Middleton was the Angels’ second pick in the draft, and the 95th pick overall. The assigned signing bonus for a 95th selection is $541,000.

“I was really shocked [when I was drafted 95th],” said Middleton. “My adviser was telling me I might get drafted as high as the fourth round, but I didn’t know what to expect. When I learned I was a third-round pick by the Anaheim Angels, I was speechless....

“It’s a dream come true. This is what I’ve been working for since I first started playing baseball at age 4. It’s really pretty amazing....

“You have people telling you your whole life it’s never going to happen. It’s a one in a million, or one in however many chance. But I definitely felt my whole life that I could make it happen....”

Middleton, who played basketball and baseball at Lane Community College during the past school year, was the first player drafted from the state of Oregon in this year’s draft. He was drafted ahead of three Oregon State University standouts — pitchers Ben Wetzler (fifth round, 151st overall to the Philadelphia) and Matt Boyd (sixth round, to Toronto), and shortstop Tyler Smith (eighth round, to Seattle).

“I can’t say I wasn’t surprised he was picked that high,” said Dan Lee, who coached Middleton at Milwaukie High School. “But I wasn’t at all surprised that he was picked ahead of kids like [Oregon State University freshman starter] Andrew Moore and Ben Wetzler. “I saw Andrew Moore and Ben Wetzler pitch in high school, and Keynan is every bit as good as they are.”

Wetzler, a junior at OSU, sported an 8-1 season record and a 1.98 ERA in games played through the day he was drafted by the Phillies. He has until July 12 to decide whether he’ll sign his professional contract.

It’s the second selection of his career for Wetzler, a 2010 graduate of Clackamas High School who was selected by Cleveland in the 15th round of the 2010 MLB Draft, but elected to attend Oregon State.

The Cavaliers rallied around Wetzler’s pitching arm to win a state high school title in 2010, and he also played on the Cavalier team that won a state championship in 2008.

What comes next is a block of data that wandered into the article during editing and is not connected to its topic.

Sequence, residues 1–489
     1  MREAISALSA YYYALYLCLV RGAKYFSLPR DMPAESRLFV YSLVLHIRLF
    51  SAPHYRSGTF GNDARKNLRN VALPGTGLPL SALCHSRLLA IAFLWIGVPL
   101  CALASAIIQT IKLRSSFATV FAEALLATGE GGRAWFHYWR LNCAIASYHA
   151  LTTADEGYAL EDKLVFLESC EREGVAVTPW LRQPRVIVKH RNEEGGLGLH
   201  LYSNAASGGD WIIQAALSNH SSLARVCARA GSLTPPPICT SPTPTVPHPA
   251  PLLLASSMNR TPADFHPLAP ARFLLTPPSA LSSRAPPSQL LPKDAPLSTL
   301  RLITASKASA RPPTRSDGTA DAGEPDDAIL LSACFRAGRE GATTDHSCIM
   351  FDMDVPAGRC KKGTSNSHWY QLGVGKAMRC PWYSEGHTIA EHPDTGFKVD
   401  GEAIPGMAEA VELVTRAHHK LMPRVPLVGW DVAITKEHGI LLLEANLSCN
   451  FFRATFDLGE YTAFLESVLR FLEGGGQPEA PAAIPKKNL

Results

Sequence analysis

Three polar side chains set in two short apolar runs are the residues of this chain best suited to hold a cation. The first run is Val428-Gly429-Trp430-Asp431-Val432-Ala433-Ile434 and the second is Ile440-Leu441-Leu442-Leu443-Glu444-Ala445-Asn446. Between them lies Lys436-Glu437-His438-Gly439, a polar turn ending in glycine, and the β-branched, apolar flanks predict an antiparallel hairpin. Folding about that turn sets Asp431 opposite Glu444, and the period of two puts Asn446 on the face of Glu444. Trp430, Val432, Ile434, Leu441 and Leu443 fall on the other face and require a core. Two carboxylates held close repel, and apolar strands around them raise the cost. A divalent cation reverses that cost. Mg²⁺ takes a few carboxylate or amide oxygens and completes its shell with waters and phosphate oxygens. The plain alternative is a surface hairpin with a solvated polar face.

Lee says he believes Middleton is the first Milwaukie High graduate to be drafted by Major League Baseball in at least the past two decades.

“As far as I know, he is,” said Lee. “I’ve been at Milwaukie 17 years and I don’t know of anybody else being drafted in baseball during that time.”

“It’s just unbelievable!” said Keynan’s mom, Stephanie Middleton. “There aren’t words to describe how proud I am of Keynan. What makes it truly special is he’s more than a good athlete. He’s a good kid too. I am so proud!”

Middleton is the first Lane Community College player drafted since Kenny Brock in 2004, and he is the highest drafted player in Lane school history.

Community college players are rarely drafted as high as the third round. Only two community college players were drafted ahead of Middleton this year — pitcher Cody Reed of Mississippi’s Ole Miss Community College (Kansas City Royals, 46th overall); and catcher Victor Cartidini of Florida’s Miami Dade Community College (Atlanta Braves, 65th overall).

Reflecting back, Lee says of Middleton, “He was our No. 1 pitcher for three years. He was just a phenomenal athlete. Besides pitching, he was the best all-around player and athlete on the team....

“As a pitcher, he threw very hard. But he also had a very good breaking ball that he could throw for strikes. Even if you could catch up to his fastball, he had another option to go to, and that’s what made him special.”

His senior year at Milwaukie, Middleton had a 5-2 win-loss record, with a 2.26 ERA and 73 strikeouts in 55 innings. He also starred on offense, hitting .532 as a senior, with 24 runs scored, 22 RBI and seven home runs. And he was a perfect 28-for-28 on stolen base attempts.

“And that includes stealing home plate twice....,” said Lee. “Maybe he’ll end up in the National League. Then he can hit for himself.”

“When I went to Lane, they were going to have me play third base and pitch, and I was supposed to hit,” Middleton says. “But as my velocity got up there, they said you better concentrate on your pitching, because it could be your future. I do miss hitting, but I got drafted by the Angels in the third round. I can’t complain about that.”

Middleton, at 6-3 and 200 pounds, has also excelled in basketball. His junior year at Milwaukie he led the Mustangs to fourth place at the state tournament. His senior year he led the Mustangs to second place at state, averaging 20 points a game and earning a spot on the Class 5A All-Tournament Team.

At Lane, Middleton went 2-3, with a 3.42 ERA and 45 strikeouts and 23 hits allowed in 42 innings. He also played basketball, leading the team in rebounds, three-pointers and steals, and averaging 11.1 points, second-highest scoring average on the team.

Playing basketball meant a late start to baseball. Although he pitched in 13 games, he saw limited action on the mound until April 27, when he had his first “legitimate start,” according to Lane coach Josh Blunt.

Lane baseball coaches say they clocked Middleton’s fastball at 95 MPH this spring.

Middleton offered this advice to young people with the dream of playing professional baseball someday: “Work hard and stay humble. With hard work and dedication, anybody can do it.”